Art Notes: Saint-Gaudens Crowdsources An Exhibition
This life mask of Abraham Lincoln is part of "The Hairstyle Files: Hirsute Gentlemen and Coiffured Ladies of the Gilded Age," a show at Saint-Gaudens National Historic Site that was curated by the site’s Facebook followers. (Image courtesy of Saint-Gaudens National Historic Site)
A bas relief by Augustus Saint-Gaudens of Wayne and Virginia MacVeagh.(Image courtesy of Saint-Gaudens National Historic Site)
Museum directors the world over may quake at the thought, but the staff at Saint-Gaudens National Historic Site in Cornish embarked on an unusual experiment this spring: turning the curating of an exhibition over to the public.
Staff on the Saint-Gaudens Facebook page asked the public to suggest themes for a small show, and objects from the collection they’d like to see. Once a theme was selected from a few contenders, the public then curated the objects that would be exhibited. Followers of the National Historic Site Facebook page settled on “The Hairstyle Files: Hirsute Gentlemen and Coiffured Ladies of the Gilded Age,” a show in the park’s visitors center that is better than its name would suggest.
This kind of crowd-sourced show represents the first time that this has been attempted in the National Park system, said Saint-Gaudens Superintendent Rick Kendall.
“The park Facebook page allowed 1,500 Facebook fans to dictate the terms of engagement,” Kendall said. “Social media spoke!”
Most of the site’s Facebook followers are from the Upper Valley and New England, although people also post from other locations around the country, Kendall said.
Although there were concerns that a show curated by the public might focus on the frivolous or too obvious, it turned out that the Facebook faithful chose a theme that spoke indirectly not only to class issues of the late 19th century, but also demonstrated the bravura Saint-Gaudens technique in relief sculpture.
“He was a master of relief sculpture,” said the park’s chief interpreter Gregory Schwarz. “He was a natural at it, I guess.”
It’s estimated that Saint-Gaudens completed between 125 and 150 reliefs during his career, said Kendall. As arguably the most famous sculptor of his era, he was highly sought after for commission work. But he did not work rapidly, Kendall said. “He would agonize over small, trivial details.”
There are 15 objects in all exhibited in a small room that include reliefs of high society types with names like van Rensselaer (hair up and carefully coiffed) and one of a middle class abolitionist from Buffalo, Maria Love (hair down and in some disarray, which was unusual for women of the period.) The men were often bearded, and those who weren’t bearded often wore mustaches.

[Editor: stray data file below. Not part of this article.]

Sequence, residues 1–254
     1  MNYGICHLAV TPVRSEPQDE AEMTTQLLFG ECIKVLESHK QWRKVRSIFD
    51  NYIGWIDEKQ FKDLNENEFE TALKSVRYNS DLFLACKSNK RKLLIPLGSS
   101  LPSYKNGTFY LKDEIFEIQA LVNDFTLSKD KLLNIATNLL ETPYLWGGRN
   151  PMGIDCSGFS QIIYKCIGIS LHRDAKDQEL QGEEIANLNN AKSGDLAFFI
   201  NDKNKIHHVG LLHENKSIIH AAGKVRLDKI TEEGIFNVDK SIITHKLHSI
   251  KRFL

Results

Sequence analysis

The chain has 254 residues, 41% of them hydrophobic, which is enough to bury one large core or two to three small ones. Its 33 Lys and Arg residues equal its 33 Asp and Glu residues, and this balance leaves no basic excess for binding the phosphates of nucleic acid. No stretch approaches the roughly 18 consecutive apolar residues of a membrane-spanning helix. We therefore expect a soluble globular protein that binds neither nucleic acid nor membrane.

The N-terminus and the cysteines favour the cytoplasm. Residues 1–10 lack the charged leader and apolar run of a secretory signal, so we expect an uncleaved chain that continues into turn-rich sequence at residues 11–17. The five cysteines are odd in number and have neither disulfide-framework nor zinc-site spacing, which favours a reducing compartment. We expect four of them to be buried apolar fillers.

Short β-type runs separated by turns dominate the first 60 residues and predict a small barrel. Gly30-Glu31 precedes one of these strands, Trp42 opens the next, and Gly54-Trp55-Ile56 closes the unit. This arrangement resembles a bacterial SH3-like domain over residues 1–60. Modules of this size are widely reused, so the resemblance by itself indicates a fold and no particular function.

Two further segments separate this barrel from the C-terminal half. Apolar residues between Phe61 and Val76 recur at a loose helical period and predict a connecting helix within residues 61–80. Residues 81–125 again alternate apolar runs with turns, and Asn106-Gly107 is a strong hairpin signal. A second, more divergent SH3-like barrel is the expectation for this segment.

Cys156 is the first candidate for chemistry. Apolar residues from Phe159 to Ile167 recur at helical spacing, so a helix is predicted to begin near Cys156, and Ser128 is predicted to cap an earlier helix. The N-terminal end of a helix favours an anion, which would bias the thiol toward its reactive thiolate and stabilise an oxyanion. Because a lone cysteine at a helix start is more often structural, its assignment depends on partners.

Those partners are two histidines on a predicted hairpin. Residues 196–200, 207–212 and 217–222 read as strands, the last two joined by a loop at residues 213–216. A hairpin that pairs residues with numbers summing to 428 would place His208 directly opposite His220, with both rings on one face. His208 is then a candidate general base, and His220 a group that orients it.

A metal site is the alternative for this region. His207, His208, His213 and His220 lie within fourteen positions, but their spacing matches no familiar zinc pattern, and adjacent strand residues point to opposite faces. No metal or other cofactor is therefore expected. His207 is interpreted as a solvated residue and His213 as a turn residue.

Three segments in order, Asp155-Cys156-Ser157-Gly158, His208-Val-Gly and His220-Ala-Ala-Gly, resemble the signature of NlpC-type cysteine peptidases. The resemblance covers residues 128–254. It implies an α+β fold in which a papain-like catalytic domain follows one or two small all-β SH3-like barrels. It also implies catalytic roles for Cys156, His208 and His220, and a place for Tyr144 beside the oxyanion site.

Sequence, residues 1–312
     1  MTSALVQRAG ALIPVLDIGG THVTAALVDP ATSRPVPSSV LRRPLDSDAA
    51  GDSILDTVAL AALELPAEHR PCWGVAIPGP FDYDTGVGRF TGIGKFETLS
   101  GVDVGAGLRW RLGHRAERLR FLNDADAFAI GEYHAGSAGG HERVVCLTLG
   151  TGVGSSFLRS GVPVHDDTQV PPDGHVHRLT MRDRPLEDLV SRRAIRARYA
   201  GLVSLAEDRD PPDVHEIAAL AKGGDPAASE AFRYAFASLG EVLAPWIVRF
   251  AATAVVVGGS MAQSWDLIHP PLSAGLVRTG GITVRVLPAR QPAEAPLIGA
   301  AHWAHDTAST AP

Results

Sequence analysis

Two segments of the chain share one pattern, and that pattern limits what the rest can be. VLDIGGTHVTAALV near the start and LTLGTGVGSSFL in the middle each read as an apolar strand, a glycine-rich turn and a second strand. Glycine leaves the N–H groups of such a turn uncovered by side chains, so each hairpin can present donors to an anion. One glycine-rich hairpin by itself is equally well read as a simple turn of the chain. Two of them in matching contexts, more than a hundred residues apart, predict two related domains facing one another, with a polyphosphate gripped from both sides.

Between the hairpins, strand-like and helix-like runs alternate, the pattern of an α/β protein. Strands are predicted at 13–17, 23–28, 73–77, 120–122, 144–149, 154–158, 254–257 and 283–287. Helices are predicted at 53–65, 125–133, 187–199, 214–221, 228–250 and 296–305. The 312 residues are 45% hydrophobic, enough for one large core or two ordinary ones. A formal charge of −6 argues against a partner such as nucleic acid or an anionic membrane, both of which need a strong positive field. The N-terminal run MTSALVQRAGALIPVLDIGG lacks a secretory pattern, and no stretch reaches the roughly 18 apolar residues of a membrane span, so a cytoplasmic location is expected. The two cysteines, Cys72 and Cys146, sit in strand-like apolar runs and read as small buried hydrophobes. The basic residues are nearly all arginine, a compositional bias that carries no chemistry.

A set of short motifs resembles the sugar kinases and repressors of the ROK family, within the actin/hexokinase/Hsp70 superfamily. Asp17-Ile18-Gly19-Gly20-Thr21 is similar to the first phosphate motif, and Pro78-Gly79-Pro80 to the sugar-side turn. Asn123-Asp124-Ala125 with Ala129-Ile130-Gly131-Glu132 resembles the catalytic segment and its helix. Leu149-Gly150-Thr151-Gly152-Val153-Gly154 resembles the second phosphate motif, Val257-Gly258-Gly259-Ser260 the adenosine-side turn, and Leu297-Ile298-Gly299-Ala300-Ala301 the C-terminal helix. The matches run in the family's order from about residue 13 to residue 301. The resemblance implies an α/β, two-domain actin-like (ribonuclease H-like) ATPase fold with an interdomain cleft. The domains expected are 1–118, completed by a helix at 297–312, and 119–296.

Also on view are a plaster copy of the original life mask of Abraham Lincoln, done early in his presidency, which Saint-Gaudens relied on to make his famous sculpture, in Chicago, of a standing Lincoln; and a plaster copy of the death mask of Ulysses S. Grant.
The criteria for the objects shown were these, said Kendall: they had to be of small or moderate size, they couldn’t already be on display elsewhere in the park and they had to be in good condition. Shows such as this at the park allows the curatorial staff to exhibit objects that aren’t ordinarily seen, such as a delicate relief of Wayne and Virginia MacVeagh, a couple in middle age who sit facing each other on a bench.
The MacVeagh relief has the kind of meticulously rendered detail you want to study at length. With one hand, Virginia MacVeagh holds a small dog on her lap, its fur silky and its ears pricked up. She extends the other hand toward her husband on the top of the bench. He also reaches out his hand for hers, but their fingers do not quite touch. She wears a necklace, and has her hair tightly tied up in a bun; he has a tidy mustache and sports a boutonniere in his jacket. They have the serene repose and noble profiles found in Roman funerary sculpture, a couple comfortable with each other who also come across as independent personalities.
The Lincoln life mask and Grant death mask are curiosities, but what curiosities! The mask of Lincoln was done shortly after he assumed the presidency in 1861 — and before he grew a beard.
A sitter such as Lincoln would have plaster affixed to the face and would have to wait while it dried, which could take up to 20 minutes, said Schwarz; subjects breathed through straws inserted in the nostrils. The plaster cast registered the deep lines already formed around Lincoln’s mouth, the way his tapir-like nose twisted a little to one side, the hollows in his cheeks.
Grant’s death mask shows a face narrowed and redefined by illness; he suffered from throat cancer. The famous Grant beard is still there, his eyes, like Lincoln’s, are deep-set, the nose is aquiline. Even in death, his face seems to register both exhaustion and determination; he’d completed his famous memoirs just before dying.